WASDE Raises 2017 Meat Production Forecast

The USDA Thursday raised its forecast for total 2017 US meat production from its outlook a month ago as increases in commercial beef and broiler production more than offset expected declines in pork and turkey production.

The USDA’s World Outlook Board made the predictions in its monthly World Agricultural Supply and Demand Estimates report, where it went on to say the increase in beef production reflected relatively large placements of cattle into feedlots in the second quarter.  This likely will affect fourth-quarter cattle slaughter, the report said.




Specifically, 2017 beef production was forecast at 26.699 billion pounds, up 204 million pounds, or 0.77%, from the July projection of 26.495 billion.  This would be a gain of 1.478 billion pounds, or 5.86% from last year’s production of 25.221 billion.

In Thursday’s report, the World Outlook Board also estimated 2018 beef production at 27.360 billion pounds, up 295 million, or 1.09%, from the July projection of 27.065 billion.  If both forecasts are accurate, this would be a gain of 661 million pounds, or 2.48%, over this year’s estimate of 26.699 billion.

Fed cattle prices for 2017 and 2018 were reduced in the latest report from a month ago as larger forecast supplies of fed cattle were expected to pressure prices from the supply side.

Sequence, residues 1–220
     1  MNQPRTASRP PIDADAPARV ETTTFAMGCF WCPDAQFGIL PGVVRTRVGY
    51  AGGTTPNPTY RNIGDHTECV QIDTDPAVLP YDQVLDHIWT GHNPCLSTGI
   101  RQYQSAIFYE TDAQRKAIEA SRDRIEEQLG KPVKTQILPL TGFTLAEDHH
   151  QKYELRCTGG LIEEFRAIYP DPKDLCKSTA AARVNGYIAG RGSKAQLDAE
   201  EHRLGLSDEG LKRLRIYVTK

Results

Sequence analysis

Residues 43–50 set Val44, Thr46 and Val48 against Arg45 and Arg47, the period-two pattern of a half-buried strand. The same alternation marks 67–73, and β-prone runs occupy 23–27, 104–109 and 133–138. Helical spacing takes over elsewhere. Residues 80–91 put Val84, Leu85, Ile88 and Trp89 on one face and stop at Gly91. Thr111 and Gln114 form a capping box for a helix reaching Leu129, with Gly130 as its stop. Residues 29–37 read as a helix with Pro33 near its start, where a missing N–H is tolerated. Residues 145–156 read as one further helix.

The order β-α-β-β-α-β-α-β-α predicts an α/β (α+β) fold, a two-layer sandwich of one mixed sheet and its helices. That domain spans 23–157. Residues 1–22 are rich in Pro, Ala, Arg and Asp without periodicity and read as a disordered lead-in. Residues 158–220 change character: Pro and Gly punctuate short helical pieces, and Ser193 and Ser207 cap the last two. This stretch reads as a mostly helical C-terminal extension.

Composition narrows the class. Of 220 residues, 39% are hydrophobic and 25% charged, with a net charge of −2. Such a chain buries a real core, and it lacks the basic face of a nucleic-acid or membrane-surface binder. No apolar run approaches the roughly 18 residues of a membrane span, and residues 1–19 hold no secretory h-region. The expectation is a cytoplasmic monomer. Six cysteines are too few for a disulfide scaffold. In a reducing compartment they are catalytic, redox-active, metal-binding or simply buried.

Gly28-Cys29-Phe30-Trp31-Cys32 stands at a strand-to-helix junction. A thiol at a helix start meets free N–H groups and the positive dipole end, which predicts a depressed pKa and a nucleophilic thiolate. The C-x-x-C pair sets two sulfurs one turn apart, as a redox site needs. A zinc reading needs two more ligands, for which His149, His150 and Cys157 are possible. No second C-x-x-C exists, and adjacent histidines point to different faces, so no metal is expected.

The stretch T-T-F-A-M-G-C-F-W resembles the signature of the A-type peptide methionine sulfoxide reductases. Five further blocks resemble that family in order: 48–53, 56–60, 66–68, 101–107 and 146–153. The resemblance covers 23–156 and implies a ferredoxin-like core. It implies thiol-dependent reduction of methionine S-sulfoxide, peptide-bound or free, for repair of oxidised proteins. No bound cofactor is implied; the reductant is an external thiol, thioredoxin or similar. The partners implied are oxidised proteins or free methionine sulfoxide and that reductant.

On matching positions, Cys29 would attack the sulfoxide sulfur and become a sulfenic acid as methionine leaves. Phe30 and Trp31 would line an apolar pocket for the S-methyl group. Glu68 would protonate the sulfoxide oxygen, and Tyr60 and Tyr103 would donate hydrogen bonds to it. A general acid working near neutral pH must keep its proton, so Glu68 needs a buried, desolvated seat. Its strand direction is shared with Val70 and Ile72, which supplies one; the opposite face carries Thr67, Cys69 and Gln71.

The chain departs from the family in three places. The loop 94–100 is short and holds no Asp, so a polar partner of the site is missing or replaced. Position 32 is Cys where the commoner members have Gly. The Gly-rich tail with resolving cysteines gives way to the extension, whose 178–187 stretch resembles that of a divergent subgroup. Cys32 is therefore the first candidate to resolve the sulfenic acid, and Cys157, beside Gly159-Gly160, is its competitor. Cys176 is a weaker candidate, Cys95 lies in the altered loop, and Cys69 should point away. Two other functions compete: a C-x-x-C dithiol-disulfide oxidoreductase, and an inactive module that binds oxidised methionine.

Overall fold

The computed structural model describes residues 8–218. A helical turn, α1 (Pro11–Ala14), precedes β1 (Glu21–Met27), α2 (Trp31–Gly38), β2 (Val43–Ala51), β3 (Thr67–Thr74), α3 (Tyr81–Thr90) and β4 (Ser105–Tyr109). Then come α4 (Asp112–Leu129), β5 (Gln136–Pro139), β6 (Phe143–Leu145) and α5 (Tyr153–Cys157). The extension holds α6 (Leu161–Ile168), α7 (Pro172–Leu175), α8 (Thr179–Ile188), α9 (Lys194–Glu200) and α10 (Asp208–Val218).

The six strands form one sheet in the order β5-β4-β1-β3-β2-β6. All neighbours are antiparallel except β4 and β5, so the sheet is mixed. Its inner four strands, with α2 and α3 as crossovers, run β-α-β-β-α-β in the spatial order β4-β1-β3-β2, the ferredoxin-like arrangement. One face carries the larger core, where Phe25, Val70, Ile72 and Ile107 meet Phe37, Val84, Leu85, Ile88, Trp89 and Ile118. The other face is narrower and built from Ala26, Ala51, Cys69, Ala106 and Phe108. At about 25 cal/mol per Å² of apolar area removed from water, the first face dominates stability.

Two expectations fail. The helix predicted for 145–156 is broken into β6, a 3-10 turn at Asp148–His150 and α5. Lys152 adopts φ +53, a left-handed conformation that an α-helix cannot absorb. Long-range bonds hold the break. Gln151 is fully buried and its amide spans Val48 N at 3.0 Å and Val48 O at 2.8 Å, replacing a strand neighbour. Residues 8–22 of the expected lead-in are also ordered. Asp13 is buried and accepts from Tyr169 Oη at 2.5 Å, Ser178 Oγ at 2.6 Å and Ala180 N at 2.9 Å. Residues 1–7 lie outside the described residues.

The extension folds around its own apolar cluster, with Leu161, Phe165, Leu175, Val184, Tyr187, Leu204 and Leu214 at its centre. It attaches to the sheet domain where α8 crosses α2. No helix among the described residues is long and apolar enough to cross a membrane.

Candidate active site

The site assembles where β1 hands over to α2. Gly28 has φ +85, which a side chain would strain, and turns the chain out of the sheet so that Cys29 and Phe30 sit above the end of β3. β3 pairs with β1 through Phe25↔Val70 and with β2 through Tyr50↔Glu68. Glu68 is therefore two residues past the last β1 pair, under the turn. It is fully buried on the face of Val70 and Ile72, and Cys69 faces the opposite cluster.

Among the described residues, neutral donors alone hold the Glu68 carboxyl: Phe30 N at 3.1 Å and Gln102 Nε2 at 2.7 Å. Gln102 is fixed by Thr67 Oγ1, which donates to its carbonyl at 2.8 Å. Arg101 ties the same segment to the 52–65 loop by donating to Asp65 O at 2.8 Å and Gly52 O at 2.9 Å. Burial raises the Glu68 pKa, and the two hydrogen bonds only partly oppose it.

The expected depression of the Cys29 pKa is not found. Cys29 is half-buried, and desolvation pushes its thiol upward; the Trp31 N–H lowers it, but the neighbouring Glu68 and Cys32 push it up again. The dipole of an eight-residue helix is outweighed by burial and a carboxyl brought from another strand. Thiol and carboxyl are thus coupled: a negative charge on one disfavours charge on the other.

The latest projected average fed steer price was expected to fall into a range of $120 to $122 per cwt, down from the July estimate of $121 to $125.  For 2018, the estimated cattle price falls even more to a range of $112 to $121, down from July’s estimate of $113 to $123.  This compares with the 2016 average price of $120.86 per cwt.




The estimate for 2017 US pork production was lowered from a month ago because of lower expected slaughter in the third quarter, the WASDE report said.

Pork production for the year was estimated at 25.806 billion pounds, down 28 million, or 0.11%, from the July estimate of 25.834 billion.  Still, this was up 865 million, or 3.47%, from the 2016 total of 24.941 billion.

For 2018, the World Outlook Board estimated US pork production at 26.735 billion pounds, unchanged from a month ago, but up from this year’s new estimate.

Prices for barrows and gilts this year were expected to average $51 to $52 per cwt, up from the July estimate of $48 to $50.  This also was up from the 2016 average of $46.16.

However, the 2018 average price was estimated at $46 to $50, up slightly from the July estimate of $46 to $49.




The weighted average of fed cattle sold on the livestock exchange video auction Wednesday was $115.04 per cwt, down $0.96 from $116.00 last week.  Cattle with 1- to 9-day delivery sold at $115.28, versus $116 last week.  Those with 1- to 17-day delivery sold at $114.50, and cattle with 17- to 30-day delivery sold at $114.00.

Cash trading took place this week at $114 to $116 per cwt on a live basis, mostly $115, down about $2 from last week.  Dressed action was reported at $184 to $185, down about $2.

The USDA’s choice cutout Thursday was down $1.03 per cwt at $200.63, while select was off $0.42 at $196.19.  The choice/select spread narrowed to $4.44 from $5.05 with 108 loads of fabricated product sold into the spot market.

The CME Feeder Cattle index for the seven days ended Wednesday was $147.93 per cwt, down $1.55.  This compares with Thursday’s Aug settlement at $141.17, down $0.35.